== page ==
Sidebar

05
Sun, Dec
9 New Articles

The Soft Touch

CEEIHM Issue 1.3.
Tools
Typography
  • Smaller Small Medium Big Bigger
  • Default Helvetica Segoe Georgia Times

Aybars Yagiz, Legal Counsel at GAMA Enerji, Turkey, and Board Member at the GAMA group of companies, shares his thoughts about the soft skills senior in-house legal counsel should possess.

CEEIHM: The last year or so has been very difficult for both companies and professionals around the world. How large is your team, and how did it adapt to the crisis?

Aybars: We have a rather small legal team. In addition, I also manage the contracts team, which includes valuable engineers and trade specialists. Our company operates in the energy sector, and we produce and sell electrical energy generated from different sources. At the beginning of the pandemic, there was a gap between the supply and demand of electricity. No one had the opportunity to prepare for such a big crisis, so our initial reaction was somewhat slow. However, energy isn’t a luxury but a necessity, so the market gradually went back to normal.

In order to adapt to the crisis, we maintained fairly stable working hours. My management policy is not to push my team to work past 6 p.m. If and when there is anything urgent to do, I tell my team to adapt their schedule and, if I need them to stay after normal working hours, I tell them a few days in advance. My approach is that, if the task is not urgent, it’s better for an employee to do it when they feel more like it. So, if someone from the team hasn’t finished all the work by the end of the day, they can always continue tomorrow. Working in a more relaxed environment makes for a happy team.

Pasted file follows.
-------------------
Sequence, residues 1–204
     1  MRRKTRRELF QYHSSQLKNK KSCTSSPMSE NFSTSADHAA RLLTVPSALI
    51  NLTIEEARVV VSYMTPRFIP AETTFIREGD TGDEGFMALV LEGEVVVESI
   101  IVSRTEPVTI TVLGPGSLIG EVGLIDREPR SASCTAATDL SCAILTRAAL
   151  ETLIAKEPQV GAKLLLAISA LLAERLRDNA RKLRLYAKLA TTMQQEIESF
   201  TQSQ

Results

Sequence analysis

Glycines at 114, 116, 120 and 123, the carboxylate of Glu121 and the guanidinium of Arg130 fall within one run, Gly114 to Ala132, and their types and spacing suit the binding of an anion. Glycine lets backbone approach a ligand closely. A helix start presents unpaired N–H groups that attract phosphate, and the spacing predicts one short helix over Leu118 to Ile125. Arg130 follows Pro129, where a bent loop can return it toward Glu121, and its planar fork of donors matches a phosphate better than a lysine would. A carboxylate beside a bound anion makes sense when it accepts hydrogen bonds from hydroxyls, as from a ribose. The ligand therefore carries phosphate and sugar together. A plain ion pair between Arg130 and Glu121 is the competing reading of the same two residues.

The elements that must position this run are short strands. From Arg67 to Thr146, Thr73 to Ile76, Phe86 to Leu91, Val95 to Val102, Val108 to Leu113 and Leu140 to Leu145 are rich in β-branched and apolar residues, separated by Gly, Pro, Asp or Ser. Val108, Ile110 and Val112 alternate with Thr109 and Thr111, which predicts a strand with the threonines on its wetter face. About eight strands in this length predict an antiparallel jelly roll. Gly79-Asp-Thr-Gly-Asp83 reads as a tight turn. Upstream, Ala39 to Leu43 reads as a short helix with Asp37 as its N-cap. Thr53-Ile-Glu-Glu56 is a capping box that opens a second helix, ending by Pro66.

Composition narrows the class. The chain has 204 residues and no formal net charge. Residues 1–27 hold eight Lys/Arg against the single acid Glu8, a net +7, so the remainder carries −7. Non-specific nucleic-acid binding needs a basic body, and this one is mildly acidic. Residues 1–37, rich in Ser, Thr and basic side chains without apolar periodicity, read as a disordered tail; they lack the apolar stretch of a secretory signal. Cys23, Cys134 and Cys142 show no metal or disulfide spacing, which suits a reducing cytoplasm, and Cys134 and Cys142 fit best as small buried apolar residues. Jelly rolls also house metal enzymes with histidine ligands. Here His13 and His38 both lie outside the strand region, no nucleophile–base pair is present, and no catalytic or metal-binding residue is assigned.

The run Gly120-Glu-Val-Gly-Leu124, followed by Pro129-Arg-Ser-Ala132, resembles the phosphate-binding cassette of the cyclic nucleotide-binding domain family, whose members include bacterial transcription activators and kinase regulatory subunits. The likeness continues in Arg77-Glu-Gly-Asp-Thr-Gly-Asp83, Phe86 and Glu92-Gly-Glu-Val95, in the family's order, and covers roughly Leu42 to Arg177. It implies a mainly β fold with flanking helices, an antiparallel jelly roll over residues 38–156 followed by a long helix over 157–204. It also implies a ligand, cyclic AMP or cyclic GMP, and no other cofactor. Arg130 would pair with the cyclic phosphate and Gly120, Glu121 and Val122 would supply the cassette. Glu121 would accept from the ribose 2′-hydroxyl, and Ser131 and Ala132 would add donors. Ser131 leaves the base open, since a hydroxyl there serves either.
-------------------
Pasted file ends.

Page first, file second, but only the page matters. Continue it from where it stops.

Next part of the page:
CEEIHM: What skills should GCs possess in order to mitigate the negative effects of the crisis and keep their teams productive?

Aybars: Soft skills are very appealing to me. I recently completed the Executive MBA program at the Bilkent University in Ankara. We would talk at length with our professors about the importance of soft skills, and how to develop them.

I believe that there are four key soft skills any GC should possess.

The first one is self-assurance. This should not be confused with self-awareness, which only stands for being aware of your potential. Self-assurance, which builds on that awareness, means to be content with yourself and with what you can and cannot do. This skill is very important in overcoming the “legal ego,” which is a huge problem among some legal professionals. A GC is a very substantial element in any company, yet not the leading one, unless the main field of activity is law. Even acknowledging this fact helps to overcome the “legal ego.”

The second important soft skill is conflict management. A GC must be able to handle and solve the conflicts that arise between his or her company and a third party. However, a general counsel must also be able to solve internal conflicts between employees, or between employees and the company.